PEX Tubing Connectors: Types, Tools, Requirements
Watch out: a variety of patented PEX tubing push-fit and clamp connecting fittings (at least six types) and connector crimping tools are on the market. You may not obtain a proper and secure PEX connection if you mix tubing connector fittings and crimping tools improperly. We recommend choosing a specific connector type and crimping tool and using it consistently at a given plumbing installation.
See PEX BRASS CONNECTOR LEAKS for an update on field reports of de-zincification corrosion and leaks at brass PEX pipe connectors, elbows & tees.
Examples & Photographs of the various types of PEX fittings and the special tools used include:
Clamp type PEX fittings (photo at left) using a brass connector and stainless steel clamp-rings (e.g. Hydro-Pex clamping tool). These connectors were in use in our PEX installation photograph above. Popular, easy to use.
Note in our PEX photo at left that on the cold water (blue) Tee fitting one of the clamp fittings remains to be completed. (Photo courtesy Galow Homes).
Crimp type PEX fittings (photo at left - Crimp type PEX fittings in a Haddonfield New Jersey home) (e.g. Watts Radiant PEX cramping tool) using Hydro-Pex fittings.
The copper crimp rings are used with most PEX connectors.
Compression type PEX fittings (photo at left) (radiant heating and other applications) uses three parts (connector, compression ring or ferrule, threaded nut) to connect PEX tubing to a radiant heating manifold.
Threaded nut and ferrule are used with an insert to prepare the tubing for connection to the manifold.
No special tools are needed and compression type PEX fittings work with standard and Pex tubing.
Expander type PEX fittings (photo at left, Expander type PEX fittings in a Tivoli NY home), e.g. ProPEX brass connecting fittings and the ProPEX expander tool from Uponor (formerly Wirsbo PEX fittings).
The expander tool actually expands or "stretches" the PEX tubing to accept the connecting fitting. A ProPEX ring of larger diameter covers and completes the expanded fitting connection. Popular with professional plumbers.
Our PEX tubing photo (left) illustrates three PEX installation details: use of expander-type PEX fittings, and at the photo bottom (blue cold water piping) a protective sleeve or bushing at the floor joist penetration, and a steel nail plate to protect the tubing from puncture by ceiling drywall (to be installed).
Watch out: use only with PEX A-quality fittings. lower quality tubing will not make secure PEX connections with this method.
Note: in best construction practices all holes drilled through structural floor joists (shown at left) would be made in the center of the joist, not near the bottom as in our photo.
Press-fit type PEX fittings from Wirsbo, Mr. PEX, and Viega. (do not assume you can mix fittings and tools among these three manufacturers). Use the Viega PEX press tool requires using Viega fittings, for example.
The Viega press PEX fittings are sold separately from the required stainless steel press PEX rings OR you can buy Viega pex press fittings that include the crimp ring already combined with the fitting.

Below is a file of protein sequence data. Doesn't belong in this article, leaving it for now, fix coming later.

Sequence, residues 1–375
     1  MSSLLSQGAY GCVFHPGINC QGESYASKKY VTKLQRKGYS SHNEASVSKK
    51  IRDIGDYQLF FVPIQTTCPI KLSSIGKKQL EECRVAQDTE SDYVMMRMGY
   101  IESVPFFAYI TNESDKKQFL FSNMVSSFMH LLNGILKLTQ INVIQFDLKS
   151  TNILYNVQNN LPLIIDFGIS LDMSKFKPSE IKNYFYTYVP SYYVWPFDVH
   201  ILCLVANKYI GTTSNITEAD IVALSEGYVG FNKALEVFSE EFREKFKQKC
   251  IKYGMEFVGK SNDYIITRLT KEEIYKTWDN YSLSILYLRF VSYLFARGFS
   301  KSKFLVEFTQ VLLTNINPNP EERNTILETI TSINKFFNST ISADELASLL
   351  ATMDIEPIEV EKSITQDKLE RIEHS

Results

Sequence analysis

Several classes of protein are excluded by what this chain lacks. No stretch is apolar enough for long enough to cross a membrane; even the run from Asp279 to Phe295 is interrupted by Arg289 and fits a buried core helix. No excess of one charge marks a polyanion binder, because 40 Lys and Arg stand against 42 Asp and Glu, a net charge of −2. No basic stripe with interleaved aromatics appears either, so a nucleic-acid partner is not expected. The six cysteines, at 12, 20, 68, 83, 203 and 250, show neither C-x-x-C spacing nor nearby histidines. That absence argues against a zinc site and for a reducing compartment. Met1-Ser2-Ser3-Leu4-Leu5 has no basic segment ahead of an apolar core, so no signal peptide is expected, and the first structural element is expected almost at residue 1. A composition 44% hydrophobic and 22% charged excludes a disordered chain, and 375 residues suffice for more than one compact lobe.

When using the Viega method with the integrated fitting and crimp ring you'll need to look closely to assure that you have inserted the fitting fully into the tubing before crimping the sleeve using the Viega tool. Works with standard and Pex tubing.
SharkBite PEX push-fit fittings (photo at left) - push-in fittings (also work with copper and CPVC). No tools or rings are required.
We used the SharkBite fitting shown at left to temporarily cut and discontinue active hot and cold water plumbing lines during a building renovation/addition project. The fittings avoided having to drain piping and solder end caps onto pipes that were later to be further cut back, excavated, and permanently capped below the slab.
PEX Tubing cutter - used to make a clean end-cut, e.g. Wirsbo (now Uponor) PEX cutter
Standards, Listings and Approvals for PEX Plumbing Systems
The following standards and building codes list at least some elements of PEX plumbing systems.
ANSI/NSF Standard 14 (NSF International)
ANSI/NSF Standard 61
ASTM F876 (American Society for Testing & Materials)
CAN/CSA B137.5 (Canadian Standards Association)
California Plumbing Code - 2010
IPC (International Plumbing Code)
IRC (International Residential Code)
UPC (Uniform Plumbing and Mechanical Code)
U.S. State & Local Regulations or Canadian Provincial or Local Regulations
Plumb-PEX Plumbing System Class Action Settlement - PEX piping leaks
In March 2012 the U.S. District Court for the District of Minnesota court-ordered homeowner notification program was scheduled to begin. People who own or previously owned a building where Plumb-PEX plumbing components were installed are notified of a proposed class action settlement involving Radiant Technology, Inc. and Uponor, Inc who sold Plumb-PEX insert fittings and stainless steel PEX tubing clamps.
Those components may have leaked, or may leak, causing building damage. The defendants denied all claims of the lawsuit but have agreed to settle the case. 
Plumb-PEX Settlement Details
RTI Plumb-PEX Plumbing System fittings and components including
ASTM Standard F1807 brass insert fittings